Alex Thompson was awarded an F31 NRSA fellowship from the National Institute of Arthritis and Musculoskeletal and Skin Diseases (NIAMS) to investigate the “Molecular etiology of Spondyloepimetaphyseal Dysplasia with joint laxity, leptodactylic type.” Congratulations Alex!
In collaboration with Laura Reinholdt at the Jackson Laboratory, we used cell culture and mouse models lacking Kif18a function to investigate the consequences of cell division in the absence of chromosome alignment. These studies suggest that a major function of chromosome alignment is to promote interchromosomal compaction during anaphase and organization of all chromosomes into a single, ovoid nucleus at the completions of cell division. You can find the manuscript in JCB here. Congratulations to Stumpff lab members Cindy Fonseca, Heidi Malaby, Leslie Sepaniac, and Dana Messinger and Reinholdt lab members on a very story!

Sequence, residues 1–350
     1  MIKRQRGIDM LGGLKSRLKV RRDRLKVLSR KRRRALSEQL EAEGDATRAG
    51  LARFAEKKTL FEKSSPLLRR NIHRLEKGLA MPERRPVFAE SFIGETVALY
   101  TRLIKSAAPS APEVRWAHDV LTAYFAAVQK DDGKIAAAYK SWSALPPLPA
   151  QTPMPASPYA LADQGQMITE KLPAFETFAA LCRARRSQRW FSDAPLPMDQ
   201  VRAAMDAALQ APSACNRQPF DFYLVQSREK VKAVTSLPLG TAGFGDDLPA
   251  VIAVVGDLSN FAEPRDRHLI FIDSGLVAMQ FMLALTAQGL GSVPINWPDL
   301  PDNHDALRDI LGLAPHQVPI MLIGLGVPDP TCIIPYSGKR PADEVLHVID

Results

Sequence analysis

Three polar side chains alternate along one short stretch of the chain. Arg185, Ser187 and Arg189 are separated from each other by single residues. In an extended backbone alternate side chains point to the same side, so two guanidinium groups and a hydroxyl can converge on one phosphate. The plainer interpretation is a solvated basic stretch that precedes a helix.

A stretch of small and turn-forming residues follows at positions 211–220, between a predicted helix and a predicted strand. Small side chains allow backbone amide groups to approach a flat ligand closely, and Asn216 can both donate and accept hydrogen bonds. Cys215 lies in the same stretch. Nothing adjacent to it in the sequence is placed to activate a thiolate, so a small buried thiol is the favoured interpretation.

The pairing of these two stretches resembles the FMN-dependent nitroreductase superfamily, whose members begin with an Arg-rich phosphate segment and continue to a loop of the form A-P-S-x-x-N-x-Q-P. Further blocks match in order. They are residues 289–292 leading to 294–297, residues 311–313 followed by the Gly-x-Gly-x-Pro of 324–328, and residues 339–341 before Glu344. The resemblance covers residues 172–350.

Heidi Malaby and Dominique Lessard (Berger Lab) use a combination of quantitative cell imaging and single molecule motility assays to show that KIF18A’s relatively long neck linker permits navigation of microtubules in the presence of microtubule-associated proteins and concentration of the motor at kinetochore microtubule (kMT) ends. This work suggests that KIF18A’s ability to move around obstacles on microtubules is required for its chromosome alignment function. You can read the whole paper here in Life Science Alliance (open access).
Our recent Preprint describing the function of chromosome alignment was selected by Maiko Kitaoko for a highlight on preLights.
Through collaborations with the Reinholdt, Tang, and Ohi labs, we show that loss of chromosome alignment leads to defects in nuclear envelope reassembly at the completion of mitosis. You can read the preprint here. Congrats to Stumpff lab members Cindy Fonseca, Heidi Malaby, Leslie Sepaniac, and Dana Messinger!
You can read Haein’s paper here. Congrats Haein!
Alex received this year’s Cathy Bulman Award for Best Poster Presentation for her work on the effects of Eg5 acetylation. Congratulations Alex!